The monks of St. Joseph Abbey are celebrating. Thanks to a ruling from the Fifth Circuit Court of Appeals, the brothers can keep selling caskets in Louisiana.
When Hurricane Katrina destroyed the Abbey’s valuable timberland, the monks needed a new source of income. That’s when they started St. Joseph Woodworks, a casket company. For generations, the monks had buried their dead brothers in hand-made wooden caskets. Now, they would produce those same finely crafted caskets for the general public.
There was only one problem: a licensing requirement made it a crime for St. Joseph Woodworks to sell its caskets to Louisiana residents.
No one claimed the caskets were poorly built. They posed no health risks. And certainly the monks weren’t exploiting grieving families; their caskets were in fact less expensive than those carried by local funeral parlors.
Of course, that was the problem.
A state licensing law designed to protect funeral directors from competitive forces barred the monks from selling their caskets. The law required that the intrastate purchase of caskets be made only through state-licensed funeral directors at state-licensed funeral homes. This meant: unless the Abbey built or bought a funeral establishment with a layout parlor, a six-casket display room, an arrangement room, embalming facilities, and hired a full-time funeral director who had completed high school, 30 college credit hours, a one-year apprenticeship, and passed a test … the Abbey could not sell its caskets to customers in Louisiana.
The Fifth Circuit has now declared that law to be unconstitutional.
In St. Joseph Abbey v. Castille, the court ruled that the regulations violated both the Equal Protection and Due Process Clauses.
The court found no rational relationship between the regulation and the state’s interest in consumer protection, health, or safety. Louisiana’s licensing scheme doesn’t require funeral directors to be trained or tested in casket selection. It doesn’t require that all caskets be purchased through licensed funeral directors.
Louisiana permits its residents to build their own caskets or to buy them from out-of-state vendors. It doesn’t regulate the design, construction, or sealing of a casket. The state doesn’t even require that the dead be buried in a casket at all.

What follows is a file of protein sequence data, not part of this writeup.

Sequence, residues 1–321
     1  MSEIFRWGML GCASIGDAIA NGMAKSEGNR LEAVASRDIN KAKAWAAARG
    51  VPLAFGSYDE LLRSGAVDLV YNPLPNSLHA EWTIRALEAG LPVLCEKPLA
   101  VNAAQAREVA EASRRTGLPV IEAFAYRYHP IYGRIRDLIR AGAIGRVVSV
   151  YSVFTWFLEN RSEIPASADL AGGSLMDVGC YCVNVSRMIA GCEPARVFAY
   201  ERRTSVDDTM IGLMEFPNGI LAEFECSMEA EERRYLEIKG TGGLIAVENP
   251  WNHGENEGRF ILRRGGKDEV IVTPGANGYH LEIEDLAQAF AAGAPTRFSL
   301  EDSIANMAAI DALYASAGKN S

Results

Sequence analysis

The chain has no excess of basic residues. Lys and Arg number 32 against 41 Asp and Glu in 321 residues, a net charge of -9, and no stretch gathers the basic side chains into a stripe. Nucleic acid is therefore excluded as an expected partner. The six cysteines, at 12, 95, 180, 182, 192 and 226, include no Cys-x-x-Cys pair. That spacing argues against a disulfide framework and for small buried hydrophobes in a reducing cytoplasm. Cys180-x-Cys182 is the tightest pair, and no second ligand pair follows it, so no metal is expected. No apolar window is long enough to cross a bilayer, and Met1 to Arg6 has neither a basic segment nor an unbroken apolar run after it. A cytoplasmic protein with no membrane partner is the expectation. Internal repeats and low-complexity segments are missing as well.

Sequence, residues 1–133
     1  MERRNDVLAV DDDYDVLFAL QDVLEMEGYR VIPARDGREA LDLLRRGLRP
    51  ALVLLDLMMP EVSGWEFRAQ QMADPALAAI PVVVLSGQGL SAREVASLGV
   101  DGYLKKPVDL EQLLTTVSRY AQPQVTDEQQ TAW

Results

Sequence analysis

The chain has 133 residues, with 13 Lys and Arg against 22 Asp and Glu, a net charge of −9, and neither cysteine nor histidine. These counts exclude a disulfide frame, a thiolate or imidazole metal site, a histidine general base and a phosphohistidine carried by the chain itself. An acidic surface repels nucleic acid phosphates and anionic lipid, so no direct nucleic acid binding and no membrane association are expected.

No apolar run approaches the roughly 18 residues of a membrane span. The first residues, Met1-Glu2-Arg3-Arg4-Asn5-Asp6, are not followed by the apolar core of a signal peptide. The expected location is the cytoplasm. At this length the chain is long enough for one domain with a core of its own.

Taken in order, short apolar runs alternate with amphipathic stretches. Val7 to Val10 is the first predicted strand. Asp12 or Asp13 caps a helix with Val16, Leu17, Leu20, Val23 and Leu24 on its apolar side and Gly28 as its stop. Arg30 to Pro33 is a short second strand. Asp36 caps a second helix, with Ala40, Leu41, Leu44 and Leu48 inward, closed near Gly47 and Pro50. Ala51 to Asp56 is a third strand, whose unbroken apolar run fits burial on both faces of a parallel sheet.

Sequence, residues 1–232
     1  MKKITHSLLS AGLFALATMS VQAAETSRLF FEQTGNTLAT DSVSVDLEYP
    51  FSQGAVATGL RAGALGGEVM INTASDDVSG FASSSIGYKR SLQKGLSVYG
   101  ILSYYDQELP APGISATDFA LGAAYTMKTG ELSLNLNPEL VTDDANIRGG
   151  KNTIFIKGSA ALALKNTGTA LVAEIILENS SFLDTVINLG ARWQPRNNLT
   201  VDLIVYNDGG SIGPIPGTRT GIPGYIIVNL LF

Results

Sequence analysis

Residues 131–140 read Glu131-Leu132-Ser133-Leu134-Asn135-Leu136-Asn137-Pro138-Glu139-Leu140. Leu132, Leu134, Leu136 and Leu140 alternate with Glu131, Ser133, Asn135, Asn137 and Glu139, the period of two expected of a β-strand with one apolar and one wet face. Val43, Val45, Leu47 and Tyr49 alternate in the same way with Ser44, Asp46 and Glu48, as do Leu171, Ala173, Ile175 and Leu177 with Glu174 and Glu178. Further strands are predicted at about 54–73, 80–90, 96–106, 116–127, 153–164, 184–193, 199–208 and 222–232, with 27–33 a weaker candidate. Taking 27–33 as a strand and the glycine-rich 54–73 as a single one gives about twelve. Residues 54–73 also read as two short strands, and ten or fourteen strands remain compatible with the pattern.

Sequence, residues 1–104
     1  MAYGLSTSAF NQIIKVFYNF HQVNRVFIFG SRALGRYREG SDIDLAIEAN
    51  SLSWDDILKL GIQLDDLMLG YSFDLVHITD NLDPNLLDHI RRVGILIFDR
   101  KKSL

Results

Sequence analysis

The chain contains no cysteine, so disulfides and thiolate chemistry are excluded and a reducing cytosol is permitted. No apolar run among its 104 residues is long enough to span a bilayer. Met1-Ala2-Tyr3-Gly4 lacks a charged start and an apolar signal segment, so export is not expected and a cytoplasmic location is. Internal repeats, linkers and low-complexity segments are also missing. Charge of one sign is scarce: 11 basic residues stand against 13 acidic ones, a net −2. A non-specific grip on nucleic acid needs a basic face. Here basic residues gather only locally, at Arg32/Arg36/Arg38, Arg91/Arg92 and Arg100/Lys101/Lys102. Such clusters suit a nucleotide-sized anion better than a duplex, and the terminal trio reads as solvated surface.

The Fifth Circuit therefore determined that the law constituted pure economic favoritism. It affirmed the district court decision that “this brand of economic protectionism is not a legitimate state interest.”
The decision is a victory not only for the Abbey, but also for Louisiana residents and American citizens generally. The state denied equal protection to anyone in Louisiana who sought to sell caskets to another Louisianan without fulfilling burdensome regulatory requirements. The state also denied its citizens the opportunity to buy more affordable caskets, forcing grieving families to pay top-dollar to give a loved one an honorable burial.
The only folks who benefited from the law were the state’s funeral directors. Unsurprisingly, funeral directors and embalmers make up eight of the nine members of the Louisiana State Board of Embalmers and Funeral Directors, the state licensing agency. This insulated them from competition and allowed them to mark up prices.
Unfortunately, Louisiana’s economic favoritism isn’t unusual. States have traditionally used licensing requirements that restrict competition by creating unreasonable barriers to entry.
Since the demise of the U.S. Supreme Court’s decision in Lochner v. N.Y. (1905), courts have given broad deference to state economic regulation. The Fifth Circuit acknowledged that a state can show favoritism if it is in any way rationally related to a government interest in health and safety or consumer protection. But lacking that interest, the court said, favoritism constitutes nothing more than “a naked transfer of wealth” — and the state can’t arbitrarily favor whomever it wants.
The court reasoned that “neither precedent nor broader principles suggest that mere economic protection of a particular industry is a legitimate governmental purpose.”
No level of government should be allowed to pick and choose favorites in the economic marketplace. The Fifth Circuit’s decision to bury Louisiana’s anti-competitive coffin sales restriction is a move in the right direction.
Now, if we could just get the federal government to move in the same direction.